On the performance of Suns backup forward Cameron Johnson:

“I thought he was great. His ability to space the floor and shoot the ball is what you tend to think about with Cam, but I thought his defense was really good tonight. He’s a big, strong defender, and he has the ability to move his feet and keep guys in front. At 6-foot-9, to move his feet like that, there’s time when (Bucks starting forward) Giannis (Antetokounmpo) is coming at you full speed, there’s really no answer for that except to take the hit and try and get him from getting to the basket. I thought he had some really good possessions tonight on that side of the ball. And then his ability to score, pace the floor, attack the basket. He’s just a really good player.”

On what he has seen from Paul’s offense in the last two games:

“He just understands how to score the ball, but he also understands where everybody else is on the floor. I thought the pass that he had to DA for a finish at the basket was signature Chris. He had been scoring, managing the game, and as soon as they blitzed, he hit DA and he got a layup. But to answer that question properly, I’d be here all day. He’s just a really good basketball player, and he’s one of those rare guys that can see the floor, he knows where all five guys should be. He took advantage of his opportunities tonight versus their switching defense, and thankfully, he made shots.”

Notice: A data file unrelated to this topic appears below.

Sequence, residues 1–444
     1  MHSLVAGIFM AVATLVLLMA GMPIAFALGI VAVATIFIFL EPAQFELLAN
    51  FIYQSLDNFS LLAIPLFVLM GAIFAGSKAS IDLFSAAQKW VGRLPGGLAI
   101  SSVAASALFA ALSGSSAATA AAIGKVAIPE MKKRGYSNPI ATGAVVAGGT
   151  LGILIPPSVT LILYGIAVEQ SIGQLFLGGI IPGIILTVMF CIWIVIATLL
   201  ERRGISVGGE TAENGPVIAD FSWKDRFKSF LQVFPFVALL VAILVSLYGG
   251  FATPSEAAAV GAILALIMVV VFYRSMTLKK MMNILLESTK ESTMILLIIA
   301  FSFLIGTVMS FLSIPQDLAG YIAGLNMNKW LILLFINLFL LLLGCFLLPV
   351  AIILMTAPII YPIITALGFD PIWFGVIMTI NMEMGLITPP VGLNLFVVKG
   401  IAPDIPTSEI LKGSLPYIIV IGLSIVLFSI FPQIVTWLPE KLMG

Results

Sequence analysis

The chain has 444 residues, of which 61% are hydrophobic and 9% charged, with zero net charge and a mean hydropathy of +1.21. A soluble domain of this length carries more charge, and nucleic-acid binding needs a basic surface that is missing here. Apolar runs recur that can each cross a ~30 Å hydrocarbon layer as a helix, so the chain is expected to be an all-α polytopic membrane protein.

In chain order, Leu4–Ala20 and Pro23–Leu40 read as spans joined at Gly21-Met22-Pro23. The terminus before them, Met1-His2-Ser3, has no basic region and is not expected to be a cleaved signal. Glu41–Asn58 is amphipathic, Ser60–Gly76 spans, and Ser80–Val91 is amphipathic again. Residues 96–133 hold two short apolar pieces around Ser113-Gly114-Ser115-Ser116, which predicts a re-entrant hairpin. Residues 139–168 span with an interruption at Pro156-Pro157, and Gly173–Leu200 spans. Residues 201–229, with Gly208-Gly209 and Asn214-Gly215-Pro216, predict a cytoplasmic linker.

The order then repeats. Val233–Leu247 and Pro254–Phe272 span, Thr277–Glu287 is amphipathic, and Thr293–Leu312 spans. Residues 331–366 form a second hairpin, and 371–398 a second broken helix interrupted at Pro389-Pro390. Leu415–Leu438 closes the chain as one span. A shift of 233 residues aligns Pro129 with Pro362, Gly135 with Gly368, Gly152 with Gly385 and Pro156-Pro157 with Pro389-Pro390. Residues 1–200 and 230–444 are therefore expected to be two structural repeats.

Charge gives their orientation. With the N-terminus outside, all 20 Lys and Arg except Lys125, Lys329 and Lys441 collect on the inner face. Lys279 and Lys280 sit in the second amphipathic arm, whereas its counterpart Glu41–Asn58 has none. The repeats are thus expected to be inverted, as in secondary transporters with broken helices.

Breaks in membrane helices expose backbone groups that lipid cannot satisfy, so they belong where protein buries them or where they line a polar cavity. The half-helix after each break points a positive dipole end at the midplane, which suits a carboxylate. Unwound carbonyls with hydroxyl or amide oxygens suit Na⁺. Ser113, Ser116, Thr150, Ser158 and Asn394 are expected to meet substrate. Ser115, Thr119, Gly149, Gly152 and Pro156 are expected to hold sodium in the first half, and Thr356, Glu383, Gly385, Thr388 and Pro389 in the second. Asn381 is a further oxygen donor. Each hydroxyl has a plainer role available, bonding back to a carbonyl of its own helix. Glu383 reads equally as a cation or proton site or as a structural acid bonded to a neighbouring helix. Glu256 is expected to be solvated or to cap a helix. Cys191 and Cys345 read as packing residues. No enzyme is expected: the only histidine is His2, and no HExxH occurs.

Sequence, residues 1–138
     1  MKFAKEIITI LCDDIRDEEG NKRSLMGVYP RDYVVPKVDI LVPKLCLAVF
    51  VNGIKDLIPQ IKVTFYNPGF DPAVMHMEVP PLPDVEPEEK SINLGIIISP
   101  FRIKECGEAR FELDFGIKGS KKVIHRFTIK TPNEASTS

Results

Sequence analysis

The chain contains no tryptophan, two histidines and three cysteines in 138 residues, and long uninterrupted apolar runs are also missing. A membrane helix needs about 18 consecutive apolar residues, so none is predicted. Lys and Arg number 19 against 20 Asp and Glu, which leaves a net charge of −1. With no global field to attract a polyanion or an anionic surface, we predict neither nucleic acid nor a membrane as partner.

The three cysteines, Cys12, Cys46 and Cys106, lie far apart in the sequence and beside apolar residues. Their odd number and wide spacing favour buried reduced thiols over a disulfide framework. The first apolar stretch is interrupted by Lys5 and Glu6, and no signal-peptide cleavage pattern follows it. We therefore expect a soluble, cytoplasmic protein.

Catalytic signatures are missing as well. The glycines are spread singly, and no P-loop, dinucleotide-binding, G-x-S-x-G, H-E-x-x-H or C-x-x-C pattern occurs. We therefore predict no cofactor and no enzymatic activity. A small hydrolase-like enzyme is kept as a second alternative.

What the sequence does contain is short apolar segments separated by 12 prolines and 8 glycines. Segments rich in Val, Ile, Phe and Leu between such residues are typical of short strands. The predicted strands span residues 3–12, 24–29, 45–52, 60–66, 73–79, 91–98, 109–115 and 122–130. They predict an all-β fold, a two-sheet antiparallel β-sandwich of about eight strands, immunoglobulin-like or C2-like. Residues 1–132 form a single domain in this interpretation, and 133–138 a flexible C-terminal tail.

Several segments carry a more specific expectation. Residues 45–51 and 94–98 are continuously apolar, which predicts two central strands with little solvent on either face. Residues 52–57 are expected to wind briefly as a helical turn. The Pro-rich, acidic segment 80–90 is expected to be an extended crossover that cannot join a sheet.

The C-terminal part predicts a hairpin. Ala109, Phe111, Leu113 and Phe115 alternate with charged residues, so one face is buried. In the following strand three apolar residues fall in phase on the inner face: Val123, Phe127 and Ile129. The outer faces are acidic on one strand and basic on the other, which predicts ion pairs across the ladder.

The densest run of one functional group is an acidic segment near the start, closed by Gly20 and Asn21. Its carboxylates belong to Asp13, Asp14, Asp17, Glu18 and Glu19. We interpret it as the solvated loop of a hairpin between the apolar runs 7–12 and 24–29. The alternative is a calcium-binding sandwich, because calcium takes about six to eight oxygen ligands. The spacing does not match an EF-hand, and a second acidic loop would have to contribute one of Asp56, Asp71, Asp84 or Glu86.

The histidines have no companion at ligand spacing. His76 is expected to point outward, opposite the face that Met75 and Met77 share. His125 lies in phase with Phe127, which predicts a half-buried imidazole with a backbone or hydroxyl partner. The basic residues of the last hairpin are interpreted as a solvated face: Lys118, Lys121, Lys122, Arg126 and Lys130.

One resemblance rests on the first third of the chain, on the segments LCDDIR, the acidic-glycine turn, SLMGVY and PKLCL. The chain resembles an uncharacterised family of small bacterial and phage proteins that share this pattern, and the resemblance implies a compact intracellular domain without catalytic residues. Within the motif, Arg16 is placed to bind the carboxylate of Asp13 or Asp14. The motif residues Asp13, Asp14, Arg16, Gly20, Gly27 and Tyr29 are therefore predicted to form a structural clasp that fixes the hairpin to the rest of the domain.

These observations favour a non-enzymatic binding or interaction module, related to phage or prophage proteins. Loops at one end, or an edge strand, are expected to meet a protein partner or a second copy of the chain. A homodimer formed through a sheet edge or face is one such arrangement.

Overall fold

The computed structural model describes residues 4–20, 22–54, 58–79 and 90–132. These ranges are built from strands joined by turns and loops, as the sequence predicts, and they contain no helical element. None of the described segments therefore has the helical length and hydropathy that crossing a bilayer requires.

On how the Suns prepared for Antetokounmpo and how he felt they defended him:

“We planned for him to play. Just felt like a guy like Giannis, who all the stories report about how hard he works on his body, we just figured a guy who works that hard is going to find a way to get back on the floor, especially in the Finals. And this is the time of the year where you sacrifice everything. That’s what we expected. So we had planned for him to be in the starting lineup. If he didn’t, you have to have another plan, because they make rotation changes. So it wasn’t like we were going to get caught off guard. But we were planning for their best, and Giannis is their best.”

On what has keyed Ayton’s efficiency this postseason:

“He’s just locked into the role. And sometimes when you tell a player he has a role, they tend to think you’re limiting their ability. I don’t think DA thinks that. I think he understands his role and how he can affect winning on both sides of the ball. And it certainly helps to have Chris and Book creating opportunities for him. But he’s done a really good job of understanding the angles in screens and where to be in the pocket to finish around the basket. But he’s just a presence down there. Sometimes, they have to run two guys at him to keep him off the glass, and that allows for our wings to pick up some offensive rebounds.”

On how he has seen the dynamic of Paul, Ayton and starting shooting guard Devin Booker evolve throughout the season and what it has taken for them to be an effective trio:

“Earlier in the year, there was some gray areas as to how to help those guys play together. I think those three deserve a lot of credit for the time that they spent after practice talking about certain environments. I’d love to tell you that I orchestrated it all, but we’ve given them a system, and then those guys talk about the angles of the screens and different ways to run plays that we have so that they can be effective. I just think it’s a lot of intentional conversations between those three and all of our guys. And so we’re just grateful that they’re playing well together, and we hope it continues.”